Phase I
Environmental Site Assessments
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PM Environmental completes comprehensive Environmental Site Assessments (ESA) in accordance with the (1) United States Environmental Protection Agency (USEPA) Standards and Practices for All Appropriate Inquiries (AAI), 40 CFR Part 312} and (2) guidelines established by the American Society for Testing and Materials (ASTM) in the Standard Practice for Environmental Site Assessments: Phase I Environmental Site Assessment Process/Designation E 1527-05/13 (ASTM Standard Practice E 1527-05/13): Phase I Environmental Site Assessment, for real estate transactions, property development,  bank financing, refinancing and foreclosures, and other in-house proactive audit programs.

The purpose of a Phase I Environmental Site Assessment is to gather sufficient information to develop an independent professional opinion about the environmental condition of the property and to identify actual or potential environmental contamination, which may impact the property value or affect claim to an “innocent land owner” exemption following acquisition.

Phase One Environmental Site Assessments (ESAs) should be an essential step in acquiring commercial or industrial property, but there are many questions stakeholders have about Phase I ESAs. Phase I Environmental Site Assessments are the introductory phase of investigating if there is a potential for environmental risk or contamination on a property that would affect its value and if additional investigation and testing is warranted.

There are several reasons why a property may require a Phase I Environmental Site Assessment:

Transfer of Ownership

Many transfers of ownership of a commercial property are required by law to receive a Phase I Environmental Site Assessment.


Many banks will not approve a loan for the purchase of a property if a trained environmental professional has not reviewed the property for risk of environmental contaminants. This reduces the risk of the transaction and gives them a more reliable figure on the value of the property.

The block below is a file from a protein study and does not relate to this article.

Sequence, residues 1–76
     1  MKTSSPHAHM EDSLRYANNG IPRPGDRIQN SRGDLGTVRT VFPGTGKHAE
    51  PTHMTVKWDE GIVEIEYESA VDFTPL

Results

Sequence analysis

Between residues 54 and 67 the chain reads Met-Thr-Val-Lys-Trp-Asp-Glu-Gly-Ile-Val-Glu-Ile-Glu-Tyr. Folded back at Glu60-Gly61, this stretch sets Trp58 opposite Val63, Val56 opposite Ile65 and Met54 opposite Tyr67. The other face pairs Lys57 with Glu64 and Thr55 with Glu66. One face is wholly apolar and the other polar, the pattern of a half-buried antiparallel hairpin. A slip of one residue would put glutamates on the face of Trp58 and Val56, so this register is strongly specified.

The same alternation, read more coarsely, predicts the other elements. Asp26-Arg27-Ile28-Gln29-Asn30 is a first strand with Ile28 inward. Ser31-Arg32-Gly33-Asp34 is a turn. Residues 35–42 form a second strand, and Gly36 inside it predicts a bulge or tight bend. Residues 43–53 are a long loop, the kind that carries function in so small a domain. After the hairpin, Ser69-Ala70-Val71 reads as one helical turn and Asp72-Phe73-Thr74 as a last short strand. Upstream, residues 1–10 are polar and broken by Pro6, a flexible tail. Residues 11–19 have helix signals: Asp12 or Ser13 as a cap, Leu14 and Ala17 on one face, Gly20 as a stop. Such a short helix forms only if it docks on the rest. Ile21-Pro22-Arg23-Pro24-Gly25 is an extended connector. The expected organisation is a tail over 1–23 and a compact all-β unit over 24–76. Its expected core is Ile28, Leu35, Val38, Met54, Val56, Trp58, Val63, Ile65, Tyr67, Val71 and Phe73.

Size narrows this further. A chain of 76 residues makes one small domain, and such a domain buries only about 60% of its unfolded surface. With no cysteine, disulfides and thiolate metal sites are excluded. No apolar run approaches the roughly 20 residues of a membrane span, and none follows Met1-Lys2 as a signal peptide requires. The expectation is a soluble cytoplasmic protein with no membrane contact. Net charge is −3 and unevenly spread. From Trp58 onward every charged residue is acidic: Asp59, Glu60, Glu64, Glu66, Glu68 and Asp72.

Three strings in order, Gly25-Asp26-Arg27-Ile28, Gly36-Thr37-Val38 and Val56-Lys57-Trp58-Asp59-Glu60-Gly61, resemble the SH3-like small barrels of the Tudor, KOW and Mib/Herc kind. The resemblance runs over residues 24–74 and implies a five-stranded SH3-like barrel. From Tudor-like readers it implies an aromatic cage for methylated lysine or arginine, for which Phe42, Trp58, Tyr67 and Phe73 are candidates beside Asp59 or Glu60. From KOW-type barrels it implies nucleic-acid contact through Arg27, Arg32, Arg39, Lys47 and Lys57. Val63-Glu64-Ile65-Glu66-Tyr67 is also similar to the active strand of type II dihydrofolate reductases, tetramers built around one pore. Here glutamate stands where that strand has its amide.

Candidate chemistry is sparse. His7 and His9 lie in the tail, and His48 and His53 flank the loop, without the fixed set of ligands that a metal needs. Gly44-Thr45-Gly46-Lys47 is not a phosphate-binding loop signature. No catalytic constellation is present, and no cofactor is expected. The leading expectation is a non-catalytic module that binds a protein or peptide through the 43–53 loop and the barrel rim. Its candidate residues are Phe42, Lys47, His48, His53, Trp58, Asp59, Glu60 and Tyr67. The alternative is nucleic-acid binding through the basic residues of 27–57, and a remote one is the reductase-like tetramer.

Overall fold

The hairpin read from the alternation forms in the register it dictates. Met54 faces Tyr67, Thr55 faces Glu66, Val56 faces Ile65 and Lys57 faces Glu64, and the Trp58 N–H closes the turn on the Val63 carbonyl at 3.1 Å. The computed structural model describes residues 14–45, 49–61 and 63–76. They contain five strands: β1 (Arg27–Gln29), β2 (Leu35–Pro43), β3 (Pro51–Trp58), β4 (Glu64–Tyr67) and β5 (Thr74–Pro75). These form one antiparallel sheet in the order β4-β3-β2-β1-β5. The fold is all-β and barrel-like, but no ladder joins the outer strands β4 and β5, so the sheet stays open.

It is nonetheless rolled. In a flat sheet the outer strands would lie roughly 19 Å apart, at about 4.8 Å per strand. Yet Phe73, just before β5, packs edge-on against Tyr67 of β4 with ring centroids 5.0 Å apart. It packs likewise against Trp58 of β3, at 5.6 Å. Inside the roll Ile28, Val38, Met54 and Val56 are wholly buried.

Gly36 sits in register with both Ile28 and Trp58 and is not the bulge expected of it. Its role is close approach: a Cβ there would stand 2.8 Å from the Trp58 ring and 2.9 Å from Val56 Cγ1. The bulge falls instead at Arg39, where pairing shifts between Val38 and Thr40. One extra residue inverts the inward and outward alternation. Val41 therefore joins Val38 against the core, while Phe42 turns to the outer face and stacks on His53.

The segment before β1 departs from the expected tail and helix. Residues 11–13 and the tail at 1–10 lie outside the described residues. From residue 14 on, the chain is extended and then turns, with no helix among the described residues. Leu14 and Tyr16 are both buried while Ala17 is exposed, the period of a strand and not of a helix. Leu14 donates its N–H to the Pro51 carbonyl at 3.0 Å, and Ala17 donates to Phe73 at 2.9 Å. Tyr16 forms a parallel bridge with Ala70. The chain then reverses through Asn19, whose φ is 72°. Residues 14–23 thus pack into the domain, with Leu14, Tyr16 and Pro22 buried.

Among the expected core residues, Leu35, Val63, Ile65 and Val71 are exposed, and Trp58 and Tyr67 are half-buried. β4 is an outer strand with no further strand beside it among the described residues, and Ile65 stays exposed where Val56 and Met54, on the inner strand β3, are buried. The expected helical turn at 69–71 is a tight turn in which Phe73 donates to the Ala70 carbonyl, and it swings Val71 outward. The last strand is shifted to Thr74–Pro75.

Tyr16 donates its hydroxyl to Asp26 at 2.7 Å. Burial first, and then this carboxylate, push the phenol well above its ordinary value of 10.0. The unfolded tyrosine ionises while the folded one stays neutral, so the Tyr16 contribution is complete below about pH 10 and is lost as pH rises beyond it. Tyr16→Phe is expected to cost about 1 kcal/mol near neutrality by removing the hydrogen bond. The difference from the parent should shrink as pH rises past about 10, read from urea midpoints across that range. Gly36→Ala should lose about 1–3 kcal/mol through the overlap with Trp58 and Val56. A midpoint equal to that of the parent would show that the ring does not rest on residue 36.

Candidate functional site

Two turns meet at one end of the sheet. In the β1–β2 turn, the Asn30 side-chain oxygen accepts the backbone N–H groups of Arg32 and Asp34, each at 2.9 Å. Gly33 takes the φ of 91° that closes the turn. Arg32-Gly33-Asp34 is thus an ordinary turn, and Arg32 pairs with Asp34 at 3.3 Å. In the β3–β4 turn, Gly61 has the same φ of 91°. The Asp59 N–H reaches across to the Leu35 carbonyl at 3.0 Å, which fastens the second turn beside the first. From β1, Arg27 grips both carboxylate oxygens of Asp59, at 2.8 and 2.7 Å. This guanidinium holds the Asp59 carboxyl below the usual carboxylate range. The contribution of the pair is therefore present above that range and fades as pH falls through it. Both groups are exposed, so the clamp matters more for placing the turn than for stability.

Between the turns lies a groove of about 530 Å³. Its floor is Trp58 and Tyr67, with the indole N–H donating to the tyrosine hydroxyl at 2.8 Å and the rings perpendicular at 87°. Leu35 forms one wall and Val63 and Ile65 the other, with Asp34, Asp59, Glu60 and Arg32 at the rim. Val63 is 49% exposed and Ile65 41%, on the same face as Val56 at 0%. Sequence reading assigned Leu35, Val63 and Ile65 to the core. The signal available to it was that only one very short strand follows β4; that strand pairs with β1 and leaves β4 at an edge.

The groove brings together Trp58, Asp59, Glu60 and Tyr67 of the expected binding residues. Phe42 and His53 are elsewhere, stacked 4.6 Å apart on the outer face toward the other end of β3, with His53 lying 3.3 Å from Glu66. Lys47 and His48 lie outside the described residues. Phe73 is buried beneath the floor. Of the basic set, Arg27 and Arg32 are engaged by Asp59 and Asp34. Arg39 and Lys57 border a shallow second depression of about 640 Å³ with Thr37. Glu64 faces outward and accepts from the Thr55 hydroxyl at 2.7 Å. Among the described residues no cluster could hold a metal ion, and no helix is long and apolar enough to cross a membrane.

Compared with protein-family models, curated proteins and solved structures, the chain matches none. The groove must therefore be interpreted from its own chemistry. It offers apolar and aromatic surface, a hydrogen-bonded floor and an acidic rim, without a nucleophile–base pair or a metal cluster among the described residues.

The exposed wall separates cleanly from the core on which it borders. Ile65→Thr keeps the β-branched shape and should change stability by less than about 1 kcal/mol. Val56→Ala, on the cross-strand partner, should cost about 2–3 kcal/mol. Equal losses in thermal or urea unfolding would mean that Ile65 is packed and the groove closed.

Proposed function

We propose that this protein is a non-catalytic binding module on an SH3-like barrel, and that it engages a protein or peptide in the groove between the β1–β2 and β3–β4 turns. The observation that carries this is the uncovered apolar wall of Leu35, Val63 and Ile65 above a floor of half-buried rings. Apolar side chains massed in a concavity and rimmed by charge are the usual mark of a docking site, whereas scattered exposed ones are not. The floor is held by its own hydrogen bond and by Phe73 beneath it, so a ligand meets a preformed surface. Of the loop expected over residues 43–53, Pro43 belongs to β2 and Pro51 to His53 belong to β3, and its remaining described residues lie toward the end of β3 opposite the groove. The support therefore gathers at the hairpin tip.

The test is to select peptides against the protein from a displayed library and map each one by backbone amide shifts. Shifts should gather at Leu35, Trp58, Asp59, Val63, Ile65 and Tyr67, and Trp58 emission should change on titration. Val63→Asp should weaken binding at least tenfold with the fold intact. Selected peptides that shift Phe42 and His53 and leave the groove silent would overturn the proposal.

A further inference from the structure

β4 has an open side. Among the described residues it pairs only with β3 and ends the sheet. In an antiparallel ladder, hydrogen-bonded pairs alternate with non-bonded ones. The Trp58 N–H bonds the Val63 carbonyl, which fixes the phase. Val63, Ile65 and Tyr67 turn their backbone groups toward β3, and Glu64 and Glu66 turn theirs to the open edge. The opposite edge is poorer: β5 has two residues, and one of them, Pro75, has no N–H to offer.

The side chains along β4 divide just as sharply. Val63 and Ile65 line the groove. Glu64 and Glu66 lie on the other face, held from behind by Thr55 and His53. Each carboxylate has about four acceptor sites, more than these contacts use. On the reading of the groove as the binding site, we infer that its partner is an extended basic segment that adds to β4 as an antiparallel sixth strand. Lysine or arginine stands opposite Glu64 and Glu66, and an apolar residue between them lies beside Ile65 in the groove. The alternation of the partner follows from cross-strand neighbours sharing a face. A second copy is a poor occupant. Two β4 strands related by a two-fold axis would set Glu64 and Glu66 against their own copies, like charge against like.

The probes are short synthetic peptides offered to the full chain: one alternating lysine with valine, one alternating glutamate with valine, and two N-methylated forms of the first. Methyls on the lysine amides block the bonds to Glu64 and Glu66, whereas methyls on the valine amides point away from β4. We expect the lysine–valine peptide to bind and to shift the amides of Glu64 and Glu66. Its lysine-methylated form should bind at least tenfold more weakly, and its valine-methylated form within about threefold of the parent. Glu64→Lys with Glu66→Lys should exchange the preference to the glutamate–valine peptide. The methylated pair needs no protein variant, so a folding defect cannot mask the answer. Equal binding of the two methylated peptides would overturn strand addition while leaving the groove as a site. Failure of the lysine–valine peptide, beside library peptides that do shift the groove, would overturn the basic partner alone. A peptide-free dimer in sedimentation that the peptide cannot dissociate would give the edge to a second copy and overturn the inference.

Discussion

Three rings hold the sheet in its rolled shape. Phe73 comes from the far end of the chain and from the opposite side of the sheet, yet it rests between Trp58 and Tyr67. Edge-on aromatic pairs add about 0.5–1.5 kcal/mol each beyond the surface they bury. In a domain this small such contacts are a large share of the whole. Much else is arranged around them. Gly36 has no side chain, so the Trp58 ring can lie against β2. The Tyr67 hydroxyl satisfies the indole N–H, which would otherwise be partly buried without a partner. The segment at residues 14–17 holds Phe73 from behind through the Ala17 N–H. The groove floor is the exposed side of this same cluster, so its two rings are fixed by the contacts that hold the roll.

There are many contaminants on a property that could require further testing and remediation. These are some of the common concerns with a property that may be addressed in a Phase I ESA. If the property used to contain or still contains underground storage tanks or above ground storage tanks, then there is a risk that they may have leaked over time and the soil and/or groundwater is contaminated with petroleum hydrocarbons.

  • Petroleum Hydrocarbons
  • Indoor Air Quality
  • Lead
  • Asbestos
  • Mold
  • Radon
  • Pesticides
  • Polychlorinated Biphenyls
  • Radiological Hazards
  • Wetlands
  • Endangered Species
  • Cultural and historical resources
  • Ecological resources

ASTM International has issued a set of standards known as Standard E1527 for environmental professionals to follow in order to conduct a Phase I ESA accurately and to set a consistent standard for Phase I ESA’s. These standards are frequently updated to cover additional hazardous materials, as it was done recently. Banks and other lenders may request additional investigations that are not included in the list of ASTM standards.

Review of Records